For such a small creature, it was a big day for the official dinosaur of Massachusetts, the shin-high Podokesaurus Holyokensis.
State officials, paleontologists, and museum leaders gathered at the Museum of Science on Wednesday in recognition of the cat-sized reptile, which roamed the region around 195 million years ago, for a bill-signing ceremony.
The formal recognition was the handiwork of State Representative Jack Lewis, who began pushing for the designation last year as part of a civics lesson for his den of 8-year-old Cub Scouts so they could earn their “Digging in the Past” adventure badges.
Their effort gained attention on social media after Lewis invited the public to take part in a poll between the Podekesaurus or the Anchisaurus Polyzelus, the only other dinosaur to be discovered in the state. More than 35,000 people voted, and Lewis brought the winner before the Legislature. A bill to make the Podekesaurus the state’s dino-ambassador was passed in May.
On Wednesday, Governor Charlie Baker credited the kids for giving “a tough, spunky underdog from Holyoke the opportunity to be the dinosaur here in the Commonwealth of Massachusetts.”
The Podokesaurus, about 1 foot tall and 3 feet long, is what’s known as a theropod — a type of dinosaur that walked on its hind legs with trios of claws. Paleontologist Mignon Talbot, the first woman to discover and name a dinosaur, found its fossilized skeleton near Mount Holyoke in 1910.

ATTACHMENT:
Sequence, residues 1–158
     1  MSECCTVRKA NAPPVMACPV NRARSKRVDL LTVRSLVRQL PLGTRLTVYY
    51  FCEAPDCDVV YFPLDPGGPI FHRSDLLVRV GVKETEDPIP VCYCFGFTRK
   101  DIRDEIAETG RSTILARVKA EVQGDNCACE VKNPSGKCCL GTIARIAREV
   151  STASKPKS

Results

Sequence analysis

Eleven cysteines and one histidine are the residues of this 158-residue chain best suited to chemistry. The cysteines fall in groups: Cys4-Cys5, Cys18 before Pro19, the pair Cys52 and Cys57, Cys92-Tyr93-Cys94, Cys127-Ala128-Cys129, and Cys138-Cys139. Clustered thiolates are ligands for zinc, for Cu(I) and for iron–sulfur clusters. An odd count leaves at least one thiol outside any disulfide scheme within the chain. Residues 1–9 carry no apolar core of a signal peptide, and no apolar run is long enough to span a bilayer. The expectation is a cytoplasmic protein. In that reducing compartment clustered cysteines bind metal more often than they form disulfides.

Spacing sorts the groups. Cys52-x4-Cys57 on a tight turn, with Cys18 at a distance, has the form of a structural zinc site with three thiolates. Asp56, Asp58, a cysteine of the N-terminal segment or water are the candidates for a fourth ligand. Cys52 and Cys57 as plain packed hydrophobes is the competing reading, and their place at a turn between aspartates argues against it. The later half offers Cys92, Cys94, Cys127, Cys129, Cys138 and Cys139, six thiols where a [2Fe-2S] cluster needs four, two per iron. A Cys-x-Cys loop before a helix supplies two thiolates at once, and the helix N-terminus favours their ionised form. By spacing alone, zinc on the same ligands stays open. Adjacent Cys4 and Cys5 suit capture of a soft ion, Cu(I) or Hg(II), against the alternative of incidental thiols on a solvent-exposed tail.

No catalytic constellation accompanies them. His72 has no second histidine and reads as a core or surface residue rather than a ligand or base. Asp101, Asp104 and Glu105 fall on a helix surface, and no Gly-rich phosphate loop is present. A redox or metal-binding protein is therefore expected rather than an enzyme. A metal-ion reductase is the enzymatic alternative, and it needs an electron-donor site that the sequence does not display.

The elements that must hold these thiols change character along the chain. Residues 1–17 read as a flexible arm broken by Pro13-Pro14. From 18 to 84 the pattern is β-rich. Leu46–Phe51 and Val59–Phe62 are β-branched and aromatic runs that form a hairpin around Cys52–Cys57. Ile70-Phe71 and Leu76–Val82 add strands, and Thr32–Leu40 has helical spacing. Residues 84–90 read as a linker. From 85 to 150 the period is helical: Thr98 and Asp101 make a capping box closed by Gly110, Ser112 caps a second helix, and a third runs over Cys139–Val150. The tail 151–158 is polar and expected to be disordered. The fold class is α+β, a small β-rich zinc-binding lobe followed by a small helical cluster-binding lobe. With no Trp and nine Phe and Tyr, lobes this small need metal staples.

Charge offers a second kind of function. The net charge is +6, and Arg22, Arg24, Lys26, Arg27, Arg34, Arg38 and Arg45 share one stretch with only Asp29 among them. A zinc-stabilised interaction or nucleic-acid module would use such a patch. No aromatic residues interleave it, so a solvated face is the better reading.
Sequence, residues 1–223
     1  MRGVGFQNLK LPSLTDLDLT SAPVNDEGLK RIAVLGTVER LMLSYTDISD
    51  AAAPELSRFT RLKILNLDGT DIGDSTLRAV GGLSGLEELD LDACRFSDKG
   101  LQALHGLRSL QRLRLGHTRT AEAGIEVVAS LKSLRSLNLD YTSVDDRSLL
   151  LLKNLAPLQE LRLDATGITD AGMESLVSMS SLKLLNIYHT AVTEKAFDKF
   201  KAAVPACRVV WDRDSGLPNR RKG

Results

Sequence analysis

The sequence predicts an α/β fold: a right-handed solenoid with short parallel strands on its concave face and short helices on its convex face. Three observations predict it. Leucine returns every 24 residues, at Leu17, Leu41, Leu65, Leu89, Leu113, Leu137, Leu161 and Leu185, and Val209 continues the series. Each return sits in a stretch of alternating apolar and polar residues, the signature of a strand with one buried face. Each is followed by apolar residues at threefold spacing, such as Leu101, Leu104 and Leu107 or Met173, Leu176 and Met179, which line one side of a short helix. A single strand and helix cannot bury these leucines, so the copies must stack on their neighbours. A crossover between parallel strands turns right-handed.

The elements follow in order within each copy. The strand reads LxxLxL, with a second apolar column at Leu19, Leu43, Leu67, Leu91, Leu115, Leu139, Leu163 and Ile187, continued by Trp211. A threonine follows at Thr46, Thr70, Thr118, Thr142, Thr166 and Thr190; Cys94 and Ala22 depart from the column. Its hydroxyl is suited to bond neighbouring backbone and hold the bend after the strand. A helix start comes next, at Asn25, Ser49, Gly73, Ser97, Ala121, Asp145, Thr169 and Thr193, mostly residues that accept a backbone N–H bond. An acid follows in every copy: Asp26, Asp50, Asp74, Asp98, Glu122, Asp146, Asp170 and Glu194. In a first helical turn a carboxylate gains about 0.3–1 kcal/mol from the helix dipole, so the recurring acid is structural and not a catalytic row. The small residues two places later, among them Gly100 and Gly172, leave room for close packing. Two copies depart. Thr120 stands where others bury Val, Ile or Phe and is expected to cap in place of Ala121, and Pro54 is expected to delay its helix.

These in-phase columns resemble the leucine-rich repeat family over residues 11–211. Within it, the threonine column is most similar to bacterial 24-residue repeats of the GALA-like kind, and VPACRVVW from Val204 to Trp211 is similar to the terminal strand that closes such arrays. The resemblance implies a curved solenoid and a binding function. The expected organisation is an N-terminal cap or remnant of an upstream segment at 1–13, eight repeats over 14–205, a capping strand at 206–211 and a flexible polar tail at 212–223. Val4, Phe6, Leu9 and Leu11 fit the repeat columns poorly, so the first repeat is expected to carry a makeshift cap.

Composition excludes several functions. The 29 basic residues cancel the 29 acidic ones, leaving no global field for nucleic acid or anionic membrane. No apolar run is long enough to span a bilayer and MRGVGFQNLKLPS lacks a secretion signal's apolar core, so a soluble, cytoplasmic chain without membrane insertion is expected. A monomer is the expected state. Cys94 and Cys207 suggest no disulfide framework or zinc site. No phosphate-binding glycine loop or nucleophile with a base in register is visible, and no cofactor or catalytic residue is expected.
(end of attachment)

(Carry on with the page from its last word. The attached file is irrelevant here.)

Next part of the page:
Lewis said Wednesday he hoped Talbot’s legacy will inspire young learners from all backgrounds.
“Paleontology is one of those fields — unfortunately, like many fields in science — where not enough women get into the field; not enough women are supported and inspired to get into the field,” he said. “If this project inspires just a couple young girls to grow up and explore paleontology, it would have been all worth it.”
There is plenty to love about the newly heralded mid-Jurassic era dinosaur.
Seemingly cute but vicious, it’s believed to have been quick on its feet — its name, after all, translates to “swift-footed lizard of Holyoke.” It had a slender mouth full of sharp teeth and was swathed in what researchers hypothesize was a thin coat of feathers with a polka dot pattern.
It’s by far the smallest of the official state dinosaurs. Colorado, for instance, chose the mighty Stegosaurus, which was 28 feet long and weighed 4.8 metric tons. Texans picked the majestic Sauroposeidon, a giant that stood nearly 60 feet tall. The next-smallest among the group is Utah’s Utahraptor, which was about 18 feet long.
“I think it’s really good that our lizard is very fast,” said Baker, who stands about as tall as roughly 6 1/2 Podokesauruses.
He gestured to the large and imposing skeleton of a Triceratops — the state dinosaur of Wyoming — that stood next to him at the ceremony.
“Because that one is very big,” he said.